Publications: ISAAA Briefs
No. 4 - 1997
Chair, ISAAA Board of Directors
The world’s population is currently 5.8 billion and is expected to almost double by the year 2050 when approximately 90 percent of the global population will reside in the countries of the South. Compounding this situation, the additional food will have to be produced on the existing area, or less, of agricultural land without degrading the fragile natural resource base. Thus, one of the major challenges facing the world in the 21st century will be to achieve food security without degrading the natural resource base. Agricultural research and technological improvements will continue to be pre-requisites for increasing crop productivity. Industrial countries have benefited from agricultural research and development (R&D) investments by both public and private sectors, whereas developing countries, by and large, have relied on less than adequate funding, principally from the public sector. In the future it is imperative that developing countries invest significantly more public sector funding in agricultural R&D and also encourage more private sector investments.
To meet the challenge of future global food security requires new partnerships between the public and private sectors in agricultural R&D and agribusiness; these partnerships will serve to optimize and integrate the respective comparative advantages of the partners in their quest to achieve mutual objectives. During the 1990s there has been a growing awareness in both public and private sectors of the significant benefits that can be derived from such public-private sector collaboration. This publication aims to present information that supports the need for public-private sector partnerships by reviewing public and private investments in agricultural R&D during the last decade, when there has been a decline in official development assistance to countries of the South. Three examples of public-private sector partnerships are presented to illustrate that there are opportunities for collaboration which result in win-win situations and contribute to global food security.
Recent estimates suggest that in the decade 1987 to 1997, official development assistance (ODA) to agriculture has declined by 50 percent. Furthermore during the same period, national governments have provided less support to agriculture in developing countries. This does not bode well for the future, which highlights the importance of developing new partnerships between the public and private sectors. It is noteworthy that public sector ODA funding for all sectors is $60 billion annually, whereas private sector investment from the North in the South is $170 billion per year, and growing, equivalent to almost three times that of the public sector ODA. In 1990 global investments in agricultural R&D by the public sector were estimated at $17.3 billion, with $8.8 billion invested by developing countries, and $8.5 billion by industrial countries. Industrial countries typically invest 2 percent of agricultural GDP in public R&D whereas the corresponding figure for developing countries is 0.5 percent, a quarter of the industrial country investment. In the 1960s in the United States, private sector R&D investments were 5 percent less than corresponding investments by the public sector; however, by 1995 private sector R&D investment was 27 percent more than that of the public sector. Whereas private sector investment in developing countries is lower than public sector R&D, the same trend is observed in countries such as Colombia where private sector R&D investment, expressed as a percentage of the national R&D investments, increased from 22 percent in 1970 to 37 percent in 1991.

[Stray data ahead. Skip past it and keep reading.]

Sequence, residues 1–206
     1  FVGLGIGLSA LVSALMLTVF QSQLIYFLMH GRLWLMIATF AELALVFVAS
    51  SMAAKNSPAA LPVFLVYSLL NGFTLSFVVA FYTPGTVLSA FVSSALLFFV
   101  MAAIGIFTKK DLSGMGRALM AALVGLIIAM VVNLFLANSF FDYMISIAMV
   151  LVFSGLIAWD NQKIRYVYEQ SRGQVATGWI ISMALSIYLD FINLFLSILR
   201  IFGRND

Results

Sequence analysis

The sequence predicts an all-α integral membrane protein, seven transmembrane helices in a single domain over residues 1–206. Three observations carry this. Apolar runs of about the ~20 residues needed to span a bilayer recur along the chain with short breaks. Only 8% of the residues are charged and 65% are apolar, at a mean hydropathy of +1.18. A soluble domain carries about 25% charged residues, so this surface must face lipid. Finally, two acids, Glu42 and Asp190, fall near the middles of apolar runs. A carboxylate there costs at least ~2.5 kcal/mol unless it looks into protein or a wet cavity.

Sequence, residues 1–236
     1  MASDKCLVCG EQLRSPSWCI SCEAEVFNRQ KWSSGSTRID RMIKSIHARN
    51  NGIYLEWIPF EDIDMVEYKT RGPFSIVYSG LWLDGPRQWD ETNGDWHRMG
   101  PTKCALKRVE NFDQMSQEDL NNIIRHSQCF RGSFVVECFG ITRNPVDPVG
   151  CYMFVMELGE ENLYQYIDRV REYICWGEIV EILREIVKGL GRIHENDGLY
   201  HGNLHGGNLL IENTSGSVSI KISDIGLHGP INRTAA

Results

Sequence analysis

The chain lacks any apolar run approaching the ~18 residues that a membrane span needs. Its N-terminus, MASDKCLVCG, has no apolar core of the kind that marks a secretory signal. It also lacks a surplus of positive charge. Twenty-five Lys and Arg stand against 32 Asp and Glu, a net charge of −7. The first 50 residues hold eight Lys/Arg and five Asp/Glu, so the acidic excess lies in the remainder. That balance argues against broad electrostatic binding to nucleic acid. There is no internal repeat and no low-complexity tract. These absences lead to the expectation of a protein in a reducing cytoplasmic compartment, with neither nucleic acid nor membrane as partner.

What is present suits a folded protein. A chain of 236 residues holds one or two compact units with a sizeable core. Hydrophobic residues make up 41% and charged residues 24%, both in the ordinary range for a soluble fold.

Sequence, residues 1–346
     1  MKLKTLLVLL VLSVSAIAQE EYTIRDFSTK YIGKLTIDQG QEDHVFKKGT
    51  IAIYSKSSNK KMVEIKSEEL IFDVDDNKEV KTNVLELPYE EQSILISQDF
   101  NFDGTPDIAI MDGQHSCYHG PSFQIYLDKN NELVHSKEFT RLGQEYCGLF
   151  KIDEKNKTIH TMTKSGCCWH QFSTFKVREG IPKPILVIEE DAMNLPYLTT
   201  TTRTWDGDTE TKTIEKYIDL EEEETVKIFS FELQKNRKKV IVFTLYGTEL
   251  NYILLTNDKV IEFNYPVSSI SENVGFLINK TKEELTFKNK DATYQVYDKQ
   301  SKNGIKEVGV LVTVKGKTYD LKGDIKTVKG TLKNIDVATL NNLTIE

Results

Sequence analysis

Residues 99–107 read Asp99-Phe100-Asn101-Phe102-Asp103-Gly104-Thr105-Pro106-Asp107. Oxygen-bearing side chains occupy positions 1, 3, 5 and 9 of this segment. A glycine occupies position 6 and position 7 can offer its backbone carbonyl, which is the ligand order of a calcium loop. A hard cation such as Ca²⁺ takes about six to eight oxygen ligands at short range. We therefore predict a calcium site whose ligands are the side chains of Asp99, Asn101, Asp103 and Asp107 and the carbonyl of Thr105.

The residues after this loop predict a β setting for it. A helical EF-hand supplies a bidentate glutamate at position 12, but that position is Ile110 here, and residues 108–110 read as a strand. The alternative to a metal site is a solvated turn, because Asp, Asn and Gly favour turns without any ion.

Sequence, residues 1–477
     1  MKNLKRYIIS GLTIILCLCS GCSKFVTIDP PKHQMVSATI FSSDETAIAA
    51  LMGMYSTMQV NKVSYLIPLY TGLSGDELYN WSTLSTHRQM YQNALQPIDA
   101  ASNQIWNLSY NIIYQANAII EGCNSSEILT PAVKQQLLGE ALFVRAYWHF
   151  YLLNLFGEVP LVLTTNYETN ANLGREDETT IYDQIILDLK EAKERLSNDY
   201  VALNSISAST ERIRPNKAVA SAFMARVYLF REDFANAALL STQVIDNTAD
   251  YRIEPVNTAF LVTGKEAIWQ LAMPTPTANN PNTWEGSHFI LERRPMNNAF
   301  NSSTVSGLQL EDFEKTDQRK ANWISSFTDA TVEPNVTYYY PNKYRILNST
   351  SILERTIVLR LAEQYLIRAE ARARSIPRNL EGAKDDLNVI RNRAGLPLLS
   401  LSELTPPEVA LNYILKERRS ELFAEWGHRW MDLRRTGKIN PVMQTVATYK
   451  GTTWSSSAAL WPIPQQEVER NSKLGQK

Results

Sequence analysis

Corporations involved internationally in agriculture are involved in a broad range of activities that include fertilizer, crop protection, seed industry, animal health and biotechnology. The scale of operations in each of these market areas is reviewed, and the major corporations characterized in terms of global revenues, R&D, and the structure of the global markets by region and product, using recent data for 1996. Industry considers 5 to 7 percent of revenue as the minimum investment necessary to ensure an acceptable level of competitiveness in the marketplace, and the average R&D investment for 15 crop protection and seed companies in 1996 was 10.6 percent. Whereas direct comparisons with the public sector are not possible, private sector R&D investments are judged to be considerably higher than those of the public sector.